After reviewing the evidence presented by both parties, the arbitrator found that the defendant failed to repair the roof so as to prevent reasonably foreseeable harm to a patron of the store and failed to provide a watertight roof as promised by the ten-year roofing guarantee. Consequently, the arbitrator found that the plaintiffs could recover under both negligence and contract theories. The arbitrator awarded Charles $200,000 for his injury, bills, expenses and lost wages. Charles’ wife, Janet, was awarded $50,000 for loss of consortium.

The defendant appealed the arbitrator’s award to the superior court. See RSA 542:8 (1997). Specifically, the defendant argued that the arbitrator erred when he: (1) failed to apply the holding of Russell v. Whitcomb, 100 N.H. 171 (1956), to the case; (2) concluded that the plaintiffs had meritorious claims in tort and contract; and (3) awarded the plaintiffs excessive damages. The superior court reviewed the arbitrator’s decision for plain mistake and, finding none, affirmed the arbitration award. This appeal followed.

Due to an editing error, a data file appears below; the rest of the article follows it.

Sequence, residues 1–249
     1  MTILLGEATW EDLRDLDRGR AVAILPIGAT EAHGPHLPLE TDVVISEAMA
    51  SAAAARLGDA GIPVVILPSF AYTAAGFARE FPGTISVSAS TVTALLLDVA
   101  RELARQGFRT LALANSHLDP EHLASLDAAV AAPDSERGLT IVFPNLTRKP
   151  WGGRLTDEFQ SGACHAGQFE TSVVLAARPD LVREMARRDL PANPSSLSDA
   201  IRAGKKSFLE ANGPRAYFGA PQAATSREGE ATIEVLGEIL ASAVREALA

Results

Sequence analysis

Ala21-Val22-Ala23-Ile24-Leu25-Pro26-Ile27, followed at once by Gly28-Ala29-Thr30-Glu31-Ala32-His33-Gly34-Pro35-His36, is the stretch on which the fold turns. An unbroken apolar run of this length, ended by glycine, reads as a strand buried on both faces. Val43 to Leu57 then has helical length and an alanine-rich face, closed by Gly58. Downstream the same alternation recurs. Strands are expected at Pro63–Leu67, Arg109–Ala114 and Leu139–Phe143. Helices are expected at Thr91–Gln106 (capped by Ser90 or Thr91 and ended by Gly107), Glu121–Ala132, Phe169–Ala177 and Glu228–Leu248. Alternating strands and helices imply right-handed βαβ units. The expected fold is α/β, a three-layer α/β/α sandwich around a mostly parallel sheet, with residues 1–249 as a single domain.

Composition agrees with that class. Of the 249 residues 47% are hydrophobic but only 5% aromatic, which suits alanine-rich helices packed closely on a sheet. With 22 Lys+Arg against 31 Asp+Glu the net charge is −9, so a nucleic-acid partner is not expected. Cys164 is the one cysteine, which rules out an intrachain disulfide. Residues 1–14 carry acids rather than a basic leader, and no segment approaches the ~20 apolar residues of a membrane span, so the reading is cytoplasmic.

On appeal, the defendant argues that the trial court’s decision should be reversed. Specifically, the defendant argues that the trial court erred when it: (1) ruled that the Whitcomb defense was untimely raised; (2) ruled that, in any event, Whitcomb appeared to be factually distinguishable from this case; (3) failed to correct the arbitrator’s conclusion that the plaintiffs had meritorious claims in tort and contract; and (4) denied the defendant’s request for a remittitur of the damages. We address each argument in turn.

First, the defendant argues that the trial court erred in ruling that the Whitcomb defense was untimely raised. We disagree.